Posted by: anna | June 30, 2010

St Nectan of Harland

Today (17 June) we commemorate St. Nectan of Hartland, martyr (6th C). The icon image comes from WSIP, which does not provide any provenance information, but helpfully notes the following: ‘Also known as St. Nectaran or St. Nighton, this 6th century Saint was an Irish missionary who founded churches in Devonshire and Cornwall. His shrine at Hartland has been held in profound veneration for many centuries. According to one tradition, he perished by being beheaded by the hands of robbers. If this is so, he may more accurately be called a “Passion-Bearer” than a “Martyr” in the strictest sense.
‘The icon has this Latin inscription around the edges: “Nectane consors martirum / Ora pro nobis Dominum / Tuendo tuum populum / Et nunc et in perpetuum.” A metred translation into English is: “O Martyrs’ colleague, O Nectan, / Entreat the Lord in our behalf, / Keeping thy people safe and sound / Both now and for eternity.” ‘
 A REPUTED son of Brychan, according to the lists given by William of Worcester and Leland. His great foundation was at Hartland, Devon ; but he had other churches, at Wellcombe, where is his Holy Well, at Poundstock, where he has been displaced to make room for S. Neot, and at Ashcombe, in Devon. He had a chapel at Trethevy in Tintagel, and another at S. Winnow, which has been restored, and is still in use. Anciently there must have been one at Launceston, for a Nectan fair is there held on his day. There was also one at S. Newlyn.
The account of the Martyrdom of S. Nectan is in an extract from his Legend at Hartland, made by William of Worcester. He was fallen upon by robbers, at Nova Villa, i.e., New Stoke, where now
stands the church ; and his head was struck off. After which, he took up his head and carried it for the space of a stadium, a little over 600 feet, to the spring near which he had dwelt in his cabin, and then he placed it on a stone, which long remained dyed with his blood.
Nectan, or Nechtan, is not a Welsh name, nor even, originally, an Irish name, but is Pictish. (1 In Welsh it assumes the form Neithon, and occurs in Bede as Naiton. ) Nectan does not occur among the sons of Brychan given by the Welsh authorities.
The late Rev. R. S. Hawker, of Morwenstow, related, as a legend picked up by him there, that when Morwenna was dying, her brother Nectan came to minister to her, and she bade him bear her to the cliff, and turn her head so that with her dying eyes she might look towards Wales. But Mr. Hawker was a man of lively imagination, and the story may be merely ben trovato.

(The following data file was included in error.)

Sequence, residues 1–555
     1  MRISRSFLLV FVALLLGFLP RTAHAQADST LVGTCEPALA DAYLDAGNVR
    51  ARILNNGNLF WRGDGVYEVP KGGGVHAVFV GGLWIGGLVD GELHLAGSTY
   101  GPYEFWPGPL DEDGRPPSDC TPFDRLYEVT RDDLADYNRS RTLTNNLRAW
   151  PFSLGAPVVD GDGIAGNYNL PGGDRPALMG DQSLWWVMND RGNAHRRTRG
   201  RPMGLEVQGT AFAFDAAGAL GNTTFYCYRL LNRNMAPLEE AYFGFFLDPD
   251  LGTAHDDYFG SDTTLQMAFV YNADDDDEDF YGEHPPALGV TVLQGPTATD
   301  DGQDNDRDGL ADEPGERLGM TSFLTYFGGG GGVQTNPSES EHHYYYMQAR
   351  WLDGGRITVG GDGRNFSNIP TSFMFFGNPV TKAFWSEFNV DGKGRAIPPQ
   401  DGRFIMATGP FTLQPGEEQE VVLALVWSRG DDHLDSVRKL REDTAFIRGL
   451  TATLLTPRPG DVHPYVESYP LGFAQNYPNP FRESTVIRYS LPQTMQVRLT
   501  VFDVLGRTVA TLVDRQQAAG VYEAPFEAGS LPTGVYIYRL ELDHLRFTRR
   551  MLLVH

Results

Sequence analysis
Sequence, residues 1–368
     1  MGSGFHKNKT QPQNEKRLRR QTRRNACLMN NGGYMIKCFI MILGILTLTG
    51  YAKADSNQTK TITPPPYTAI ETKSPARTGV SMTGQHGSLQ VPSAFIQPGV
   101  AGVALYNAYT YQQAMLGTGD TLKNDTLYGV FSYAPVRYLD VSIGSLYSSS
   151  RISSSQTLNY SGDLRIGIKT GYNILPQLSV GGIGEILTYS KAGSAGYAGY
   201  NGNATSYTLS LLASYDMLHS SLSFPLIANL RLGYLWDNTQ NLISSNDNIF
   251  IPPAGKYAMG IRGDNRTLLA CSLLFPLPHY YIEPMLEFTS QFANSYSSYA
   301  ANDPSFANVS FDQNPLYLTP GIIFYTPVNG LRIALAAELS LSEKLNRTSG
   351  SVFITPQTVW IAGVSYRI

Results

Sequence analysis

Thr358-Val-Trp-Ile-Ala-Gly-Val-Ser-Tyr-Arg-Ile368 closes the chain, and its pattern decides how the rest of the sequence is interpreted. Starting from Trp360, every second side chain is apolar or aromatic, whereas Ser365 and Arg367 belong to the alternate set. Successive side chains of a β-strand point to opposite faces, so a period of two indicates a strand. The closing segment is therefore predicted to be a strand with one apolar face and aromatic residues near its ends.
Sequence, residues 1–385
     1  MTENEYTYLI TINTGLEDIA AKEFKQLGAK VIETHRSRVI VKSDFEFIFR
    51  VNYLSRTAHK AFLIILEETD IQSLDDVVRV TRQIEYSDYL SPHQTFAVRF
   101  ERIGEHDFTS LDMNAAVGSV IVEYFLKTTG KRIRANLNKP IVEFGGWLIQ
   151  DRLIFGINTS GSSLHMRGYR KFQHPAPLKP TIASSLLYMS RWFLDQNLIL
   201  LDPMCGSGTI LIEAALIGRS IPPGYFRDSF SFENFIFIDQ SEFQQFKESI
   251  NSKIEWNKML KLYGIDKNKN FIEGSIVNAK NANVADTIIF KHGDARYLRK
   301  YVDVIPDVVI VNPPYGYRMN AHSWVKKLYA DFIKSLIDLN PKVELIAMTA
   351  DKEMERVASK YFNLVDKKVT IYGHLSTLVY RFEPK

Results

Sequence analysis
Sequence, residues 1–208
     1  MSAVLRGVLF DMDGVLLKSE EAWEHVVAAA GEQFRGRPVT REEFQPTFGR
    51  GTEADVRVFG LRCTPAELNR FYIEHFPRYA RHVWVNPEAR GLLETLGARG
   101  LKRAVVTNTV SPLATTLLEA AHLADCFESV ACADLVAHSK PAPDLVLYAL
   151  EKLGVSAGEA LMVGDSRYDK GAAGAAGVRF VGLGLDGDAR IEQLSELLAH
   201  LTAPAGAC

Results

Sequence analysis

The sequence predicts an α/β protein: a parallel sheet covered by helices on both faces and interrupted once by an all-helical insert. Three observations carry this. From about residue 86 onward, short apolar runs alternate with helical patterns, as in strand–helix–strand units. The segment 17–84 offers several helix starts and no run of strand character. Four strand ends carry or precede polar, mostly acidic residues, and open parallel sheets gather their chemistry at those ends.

William of Worcester says that Nectan’s day is June 17. This is also Nectan’s day in the Exeter Calendar, in the Altemps Martyrology of the thirteenth century, and in a Norwich Martyrology of the fifteenth century [Cotton MS. Julius, B. vii). Curiously enough, the Irish Martyrologies give ” The Sons of Nectan ” on the same day. They are said to have been of Drumbric, but in what part of Ireland is not known, nor are their names recorded. Wilson, in his Martyrology, 1640, gives February 14, and for this he must have had some authority, as on this day a fair is held at S. Nectan’s Chapel, in S. Winnow. The feast at Hartland and at S. Winnow is on June 17.
S. Nectan’s Well is at Stoke, near Hartland Church.
A tradition exists at S. Winnow that S. Nectan lived at Coombe, a ruined farm near S. Nectan’s Chapel, and that he was martyred at Tollgate, some distance off.
S. Nighton’s (Nectan’s) Keive is a waterfall at Trethevy where was his chapel.
S. Nectan is represented on the tower of Hartland Church, and in the west panel of the Churchyard cross, as a Bishop.
Nicolas Roscarrock says : ” The Life of S. Nectane at the end of a booke very auntiently in the library of Martine Collidge in Oxford, which my learned and laborious friend Mr. Camden haveing took a briefe note of which he imparted to me, and when I importuned to gett me a coppie of the life at lardge which by report was not very longe, hee found att the second search that it was imbezled, being cutt out of the booke and carried away. … I have besides a manuscript that telleth me that the day of his feast is the 18th of May, and that he was a Martyr and buryed att the monastery of Hartland . . . and sonne to S. Brachan or Brechanus a great name of Wales, and this note following which I received off Mr. Camden my fore-named friende, and necessary I thinke to bee layde downe.” Then come the usual Life names of the children of Brechanus. The MS. was probably the same as that consulted by William of Worcester. Roscarrock adds that a bone of S. Nectan was reserved as a relic in Waltham Abbey.
texts for Commemoration of Nectan from orthodoxengland – o for an index!
Today is also the main feast day of St. Botolph, abbot and confessor, of Boston, and his brother St. Adolph (680), about whom I posted in December on the feast of their translation.
Troparion of St Nectan tone 4
O holy Father Nectan, thou didst follow the bidding of the Lord/ and didst leave thy father and mother for His sake to embrace the hermit’s life./ Faithful follower of Christ unto death pray that He may save our souls.
Holy St Nectan, pray to God for us.

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